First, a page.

To better understand what constitutes abuse, let’s review the JCADA material:

Physical Abuse — Hitting, kicking, pushing, punching, slapping, choking, grabbing, throwing objects at a partner, threatening with a weapon, driving recklessly with partner in a car, refusing to help a sick partner.
Emotional Abuse — Constant criticism, making humiliating remarks, name-calling, mocking, yelling, swearing, making victim think she is crazy, making victim feel guilty, making impossible rules and punishing victim for breaking these rules.

Economic Abuse — Withholding money, credit cards, keeping a partner from work or school, interfering with partner’s work or school, giving an allowance, withholding information and access to family finances.

Sexual Abuse — Forcing the act on an unwilling partner, demanding  acts that the victim does not want to perform, degrading treatment, being treated as an object.

Threats and Intimidation — Threatening to harm victim, children, family members, and pets. This includes putting partner in fear using looks, actions and gestures, shouting, smashing things and destroying property.

Using “Male Privilege” — Treating partner like a servant, making all the “big” decisions,” acting like the master of the house.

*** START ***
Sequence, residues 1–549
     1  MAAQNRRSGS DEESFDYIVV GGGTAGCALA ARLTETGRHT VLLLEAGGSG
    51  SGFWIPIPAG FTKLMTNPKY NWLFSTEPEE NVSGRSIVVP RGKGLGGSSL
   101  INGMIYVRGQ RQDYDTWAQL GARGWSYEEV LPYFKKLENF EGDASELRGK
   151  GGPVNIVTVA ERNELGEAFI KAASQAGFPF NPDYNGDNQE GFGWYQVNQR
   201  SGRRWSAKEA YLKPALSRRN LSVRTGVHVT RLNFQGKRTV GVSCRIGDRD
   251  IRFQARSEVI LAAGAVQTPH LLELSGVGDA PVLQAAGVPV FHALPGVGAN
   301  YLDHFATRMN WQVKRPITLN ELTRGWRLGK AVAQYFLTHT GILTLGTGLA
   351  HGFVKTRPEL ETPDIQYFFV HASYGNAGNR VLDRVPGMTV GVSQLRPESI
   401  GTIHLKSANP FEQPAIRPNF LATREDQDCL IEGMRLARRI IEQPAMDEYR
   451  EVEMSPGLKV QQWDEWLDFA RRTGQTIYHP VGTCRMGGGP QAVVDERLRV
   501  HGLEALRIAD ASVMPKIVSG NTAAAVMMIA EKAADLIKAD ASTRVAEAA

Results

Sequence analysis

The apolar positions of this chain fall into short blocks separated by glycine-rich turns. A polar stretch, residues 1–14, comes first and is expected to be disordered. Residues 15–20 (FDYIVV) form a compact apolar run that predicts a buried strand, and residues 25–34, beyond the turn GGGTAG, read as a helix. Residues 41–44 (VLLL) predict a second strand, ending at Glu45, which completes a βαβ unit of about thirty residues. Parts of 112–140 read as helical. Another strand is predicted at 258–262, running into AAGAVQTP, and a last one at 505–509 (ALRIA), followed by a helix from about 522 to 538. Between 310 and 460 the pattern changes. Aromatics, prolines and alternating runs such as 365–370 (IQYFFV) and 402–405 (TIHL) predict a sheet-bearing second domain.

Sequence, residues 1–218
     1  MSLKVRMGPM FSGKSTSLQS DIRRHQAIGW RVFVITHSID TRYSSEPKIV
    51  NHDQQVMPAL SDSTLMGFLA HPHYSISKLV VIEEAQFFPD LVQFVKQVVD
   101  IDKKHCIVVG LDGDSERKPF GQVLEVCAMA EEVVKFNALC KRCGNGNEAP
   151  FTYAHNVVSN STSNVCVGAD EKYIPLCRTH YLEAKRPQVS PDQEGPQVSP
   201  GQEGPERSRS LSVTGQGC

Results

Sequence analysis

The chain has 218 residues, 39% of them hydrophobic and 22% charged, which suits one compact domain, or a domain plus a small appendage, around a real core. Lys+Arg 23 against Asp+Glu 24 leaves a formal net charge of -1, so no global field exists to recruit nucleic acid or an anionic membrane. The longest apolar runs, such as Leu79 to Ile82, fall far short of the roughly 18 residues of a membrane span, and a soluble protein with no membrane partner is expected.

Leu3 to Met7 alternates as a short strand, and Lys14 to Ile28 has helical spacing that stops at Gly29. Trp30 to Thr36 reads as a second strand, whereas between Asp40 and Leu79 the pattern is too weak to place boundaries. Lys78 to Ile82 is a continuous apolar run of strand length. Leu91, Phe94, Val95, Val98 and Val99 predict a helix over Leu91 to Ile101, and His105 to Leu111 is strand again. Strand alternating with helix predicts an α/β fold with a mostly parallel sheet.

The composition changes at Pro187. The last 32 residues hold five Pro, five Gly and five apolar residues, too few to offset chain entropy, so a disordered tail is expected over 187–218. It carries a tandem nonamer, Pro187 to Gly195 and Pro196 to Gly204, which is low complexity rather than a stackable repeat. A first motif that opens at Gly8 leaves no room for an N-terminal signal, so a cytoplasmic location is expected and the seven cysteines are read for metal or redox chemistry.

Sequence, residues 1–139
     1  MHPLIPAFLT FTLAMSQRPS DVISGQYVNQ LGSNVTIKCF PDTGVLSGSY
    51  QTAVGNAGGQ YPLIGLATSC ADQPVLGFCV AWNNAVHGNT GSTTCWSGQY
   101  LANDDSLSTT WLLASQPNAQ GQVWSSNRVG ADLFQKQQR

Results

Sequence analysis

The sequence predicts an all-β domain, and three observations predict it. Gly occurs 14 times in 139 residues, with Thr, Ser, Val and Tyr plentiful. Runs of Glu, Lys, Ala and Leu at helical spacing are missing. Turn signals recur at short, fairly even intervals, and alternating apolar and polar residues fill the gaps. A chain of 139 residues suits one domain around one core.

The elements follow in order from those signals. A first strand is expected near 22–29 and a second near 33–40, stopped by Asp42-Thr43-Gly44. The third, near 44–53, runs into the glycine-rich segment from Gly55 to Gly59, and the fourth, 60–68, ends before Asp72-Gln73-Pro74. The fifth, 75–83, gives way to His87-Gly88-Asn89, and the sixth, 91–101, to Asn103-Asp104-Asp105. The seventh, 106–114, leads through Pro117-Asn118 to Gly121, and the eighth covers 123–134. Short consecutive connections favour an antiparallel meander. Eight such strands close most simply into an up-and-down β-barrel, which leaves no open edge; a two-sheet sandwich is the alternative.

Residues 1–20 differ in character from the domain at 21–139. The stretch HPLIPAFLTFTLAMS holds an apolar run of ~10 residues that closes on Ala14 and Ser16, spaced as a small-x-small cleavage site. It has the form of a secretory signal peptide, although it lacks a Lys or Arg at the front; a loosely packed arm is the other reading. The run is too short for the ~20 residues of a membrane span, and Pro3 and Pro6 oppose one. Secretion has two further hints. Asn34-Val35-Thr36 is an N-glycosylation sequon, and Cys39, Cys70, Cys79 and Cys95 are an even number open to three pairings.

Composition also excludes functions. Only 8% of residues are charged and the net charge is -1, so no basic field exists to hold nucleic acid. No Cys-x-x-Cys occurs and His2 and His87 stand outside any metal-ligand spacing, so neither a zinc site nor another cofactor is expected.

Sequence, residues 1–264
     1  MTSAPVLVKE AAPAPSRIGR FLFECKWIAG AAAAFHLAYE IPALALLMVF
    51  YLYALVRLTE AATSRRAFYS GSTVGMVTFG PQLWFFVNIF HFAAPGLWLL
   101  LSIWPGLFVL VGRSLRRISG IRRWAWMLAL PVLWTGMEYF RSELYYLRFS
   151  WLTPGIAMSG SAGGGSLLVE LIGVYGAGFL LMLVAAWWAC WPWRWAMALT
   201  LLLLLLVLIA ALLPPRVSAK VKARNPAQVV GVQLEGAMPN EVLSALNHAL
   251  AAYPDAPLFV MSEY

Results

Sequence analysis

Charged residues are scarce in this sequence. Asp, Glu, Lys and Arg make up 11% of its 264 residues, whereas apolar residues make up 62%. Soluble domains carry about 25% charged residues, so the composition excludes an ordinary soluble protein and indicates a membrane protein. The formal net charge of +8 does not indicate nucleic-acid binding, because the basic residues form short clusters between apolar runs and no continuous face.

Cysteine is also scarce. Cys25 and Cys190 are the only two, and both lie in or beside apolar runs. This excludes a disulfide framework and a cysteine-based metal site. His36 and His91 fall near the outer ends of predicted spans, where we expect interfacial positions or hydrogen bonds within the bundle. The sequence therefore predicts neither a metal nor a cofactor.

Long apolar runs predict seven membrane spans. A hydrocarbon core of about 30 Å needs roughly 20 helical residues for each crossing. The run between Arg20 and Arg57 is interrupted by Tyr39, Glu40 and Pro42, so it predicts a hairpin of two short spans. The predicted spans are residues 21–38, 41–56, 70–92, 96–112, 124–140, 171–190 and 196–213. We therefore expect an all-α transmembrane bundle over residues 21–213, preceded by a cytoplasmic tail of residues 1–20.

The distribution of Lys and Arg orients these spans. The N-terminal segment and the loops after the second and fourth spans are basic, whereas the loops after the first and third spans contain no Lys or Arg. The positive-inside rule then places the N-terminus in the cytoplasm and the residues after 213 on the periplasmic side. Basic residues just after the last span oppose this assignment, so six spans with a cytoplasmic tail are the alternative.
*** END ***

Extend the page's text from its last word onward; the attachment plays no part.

Isolation — Controlling what partner does, who she sees and talks to, where she goes, monitoring phone calls, reading mail, taking car keys.

Ask yourself:  Have I ever done any of these things to someone?
Ask yourself:  Has anyone done any of these things to me?

If I was a betting woman, I would bet that close to 100% of the readers of this column have: been abused, been an abuser, or have been both at some point in their lives and/or marriages.  So why is it that so many people perpetrate and/or experience abuses?  The reasons are endless—temperament, childhood wounds, regrets, deep-seeded resentments, lack of fulfillment, fear, anger, insecurity, inferiority, superiority, poor role models, etc.  Human beings are highly complex creatures who are in a constant state of change.  Life experiences and family dynamics leave their imprint upon us causing shifts.  Our path is often bumpy.  Some people have control of themselves most of the time and lose it once in a rare while.  Other people lose control on a daily

By: Mia Adler Ozair

Mia Adler Ozair, MA, LPCC, NCC is a
licensed clinical psychotherapist and educator
with a private practice in Beverly Hills, California. Mia is licensed in both California and
Illinois and she can be reached through her
website at www.bhcounselingcenter.com or
followed on Twitter @MiaAdlerOzair.